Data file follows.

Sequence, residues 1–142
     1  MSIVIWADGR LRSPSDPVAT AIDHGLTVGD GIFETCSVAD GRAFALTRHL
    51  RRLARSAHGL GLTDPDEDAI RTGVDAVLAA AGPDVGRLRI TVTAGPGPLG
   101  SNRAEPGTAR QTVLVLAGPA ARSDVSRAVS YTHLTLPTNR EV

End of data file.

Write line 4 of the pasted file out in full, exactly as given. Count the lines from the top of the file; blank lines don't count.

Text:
   101  SNRAEPGTAR QTVLVLAGPA ARSDVSRAVS YTHLTLPTNR EV